This article is available in: French
Earlier this year, we interviewed French animator Eddy Okba on his work on movie franchises such as Despicable Me, Sing, Spider-Man. At the time, he could not tell us much about his work at Pixar on Lightyear. The animated feature has now been released and is streaming on Disney+, so here are a few details about his work on the movie!
In this interview, Eddy Okba explains how he used hockey pads to animate an iconic moment, gives us a few details on the animation software used at Pixar, Presto. We also asked him about being a new recruit at Pixar and how the animation department is organized.
3DVF: Hello Eddy, You worked as an animator on Lightyear, the latest Pixar animated feature film. Which characters did you work on?
Eddy Okba: Hi, I had the chance to work on Lightyear and I animated Buzz and the crew.
3DVF: You were tasked with animating a scene in which Buzz is recording one of his famous mission logs. In other words, one of the most iconic characteristics of Buzz as a toy. How did you approach this animation, in this new movie where Buzz is now a real human being?
I watched the Toy Story movies again and studied how Buzz was animating for those moments. I usually don’t use video references often but for this one I put up my ice hockey pads as my homemade space ranger suit and tried to get the gesture and subtleties from the acting voice (Chris Evans). The difficulty was to mimic Buzz the toy and to not be too caricatural. The animation team helped me to find this limit when I pushed the caricature too much or when it was not specific to Buzz. It was so fun and meaningful to revisit this iconic Buzz moment.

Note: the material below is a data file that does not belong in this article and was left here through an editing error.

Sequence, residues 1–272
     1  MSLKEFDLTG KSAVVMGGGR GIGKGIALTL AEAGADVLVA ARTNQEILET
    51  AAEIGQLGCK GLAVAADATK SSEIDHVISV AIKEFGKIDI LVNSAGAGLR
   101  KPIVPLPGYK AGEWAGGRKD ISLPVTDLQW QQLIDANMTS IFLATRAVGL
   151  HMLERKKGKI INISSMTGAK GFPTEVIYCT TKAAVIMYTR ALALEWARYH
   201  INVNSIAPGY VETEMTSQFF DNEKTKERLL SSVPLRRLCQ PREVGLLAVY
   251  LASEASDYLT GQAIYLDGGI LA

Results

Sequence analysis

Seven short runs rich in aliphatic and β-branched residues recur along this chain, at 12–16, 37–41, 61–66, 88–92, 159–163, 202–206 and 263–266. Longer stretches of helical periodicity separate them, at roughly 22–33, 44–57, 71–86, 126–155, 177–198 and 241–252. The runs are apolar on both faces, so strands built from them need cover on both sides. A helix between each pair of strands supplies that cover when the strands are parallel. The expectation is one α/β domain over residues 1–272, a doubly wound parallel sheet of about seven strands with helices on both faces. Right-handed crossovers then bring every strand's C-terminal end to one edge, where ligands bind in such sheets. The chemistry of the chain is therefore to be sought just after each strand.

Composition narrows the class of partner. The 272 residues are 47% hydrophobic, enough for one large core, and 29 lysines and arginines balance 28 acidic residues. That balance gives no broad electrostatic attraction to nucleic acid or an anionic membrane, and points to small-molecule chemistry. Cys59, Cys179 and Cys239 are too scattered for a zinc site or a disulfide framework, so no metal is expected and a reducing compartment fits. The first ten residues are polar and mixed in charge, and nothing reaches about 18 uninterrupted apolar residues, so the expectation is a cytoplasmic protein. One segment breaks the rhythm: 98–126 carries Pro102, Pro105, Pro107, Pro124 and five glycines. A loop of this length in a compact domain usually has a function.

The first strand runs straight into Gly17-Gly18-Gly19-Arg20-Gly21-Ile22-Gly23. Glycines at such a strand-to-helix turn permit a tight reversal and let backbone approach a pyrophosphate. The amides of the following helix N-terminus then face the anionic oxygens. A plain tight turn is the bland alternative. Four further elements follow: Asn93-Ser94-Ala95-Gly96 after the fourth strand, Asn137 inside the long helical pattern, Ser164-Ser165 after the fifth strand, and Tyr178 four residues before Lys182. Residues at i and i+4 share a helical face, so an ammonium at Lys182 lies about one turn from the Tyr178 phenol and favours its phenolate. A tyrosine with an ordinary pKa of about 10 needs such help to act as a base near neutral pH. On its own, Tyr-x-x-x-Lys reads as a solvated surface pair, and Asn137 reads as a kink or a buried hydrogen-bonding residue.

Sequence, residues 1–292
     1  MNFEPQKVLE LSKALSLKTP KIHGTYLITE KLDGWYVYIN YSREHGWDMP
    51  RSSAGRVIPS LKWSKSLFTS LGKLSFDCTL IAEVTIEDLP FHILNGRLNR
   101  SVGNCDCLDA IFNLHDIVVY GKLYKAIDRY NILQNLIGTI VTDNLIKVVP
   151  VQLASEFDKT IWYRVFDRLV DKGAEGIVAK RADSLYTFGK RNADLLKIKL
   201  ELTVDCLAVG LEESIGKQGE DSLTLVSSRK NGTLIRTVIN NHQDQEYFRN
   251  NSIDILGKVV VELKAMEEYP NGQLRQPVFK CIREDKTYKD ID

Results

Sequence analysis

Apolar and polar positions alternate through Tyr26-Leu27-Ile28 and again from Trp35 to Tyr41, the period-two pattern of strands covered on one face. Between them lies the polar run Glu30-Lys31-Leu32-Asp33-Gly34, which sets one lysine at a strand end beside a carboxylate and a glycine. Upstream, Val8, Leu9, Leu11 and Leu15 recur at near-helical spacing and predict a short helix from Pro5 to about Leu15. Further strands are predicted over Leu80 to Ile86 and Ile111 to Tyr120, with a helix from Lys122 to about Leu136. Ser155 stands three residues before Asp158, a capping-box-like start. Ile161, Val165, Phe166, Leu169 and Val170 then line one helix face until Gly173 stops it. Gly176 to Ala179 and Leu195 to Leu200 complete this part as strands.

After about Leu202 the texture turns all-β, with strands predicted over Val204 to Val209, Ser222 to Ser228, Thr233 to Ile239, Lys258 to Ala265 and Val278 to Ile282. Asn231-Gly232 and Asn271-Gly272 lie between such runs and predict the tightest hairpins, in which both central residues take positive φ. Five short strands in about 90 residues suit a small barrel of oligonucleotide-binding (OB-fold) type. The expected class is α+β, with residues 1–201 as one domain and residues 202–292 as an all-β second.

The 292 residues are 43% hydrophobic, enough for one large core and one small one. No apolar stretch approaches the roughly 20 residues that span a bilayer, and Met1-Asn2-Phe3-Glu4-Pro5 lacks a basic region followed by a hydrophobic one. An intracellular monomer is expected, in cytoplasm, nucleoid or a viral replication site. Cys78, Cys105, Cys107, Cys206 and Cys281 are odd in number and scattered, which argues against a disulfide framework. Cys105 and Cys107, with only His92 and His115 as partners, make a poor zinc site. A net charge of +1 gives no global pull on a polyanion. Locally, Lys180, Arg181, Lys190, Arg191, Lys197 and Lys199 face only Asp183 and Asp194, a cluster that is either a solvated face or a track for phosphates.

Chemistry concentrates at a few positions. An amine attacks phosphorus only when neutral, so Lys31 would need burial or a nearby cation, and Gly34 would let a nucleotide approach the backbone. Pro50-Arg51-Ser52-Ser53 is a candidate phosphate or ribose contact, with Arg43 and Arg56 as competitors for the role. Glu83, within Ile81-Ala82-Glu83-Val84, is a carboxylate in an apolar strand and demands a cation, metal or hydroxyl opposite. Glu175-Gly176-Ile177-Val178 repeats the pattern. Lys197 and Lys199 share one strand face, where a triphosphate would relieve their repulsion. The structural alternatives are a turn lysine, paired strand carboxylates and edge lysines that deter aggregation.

3DVF: Can you also tell us about your work on the rest of the crew?
In this shot, the crew is in the background trying to open a door. It was all pantomime animation, no dialogue, only clear physical actions that define their own attitude. They are back to the camera so we cannot see their expressions either. The challenge was to express themselves in a few poses. With Buzz in the foreground, I had to make sure that the audience looked at the crew or at Buzz at the right moment. It was like staging a theater play.
3DVF: The animation tool used at Pixar is an in-house software called Presto: was it easy to get used to it, after working with other tools in various studios such as Illumination, Sony, Animal Logic? Can you tell us a little bit about your experience using Presto?
I have been using Autodesk Maya for 15 years so it took me some time to get used to Presto but it’s a very intuitive software designed for animation. I have seen some demos online in the past and now I have the chance to learn and explore all of its features. Presto is very powerful, very stable and customizable. There are as many ways to use it as there are many animators. I’m still building my perfect layout and way to work with Presto by asking and sharing with my colleagues.
3DVF: During the whole production, you worked remotely. How and how often did you get in touch with the rest of the animation department? How challenging was it to work in such conditions?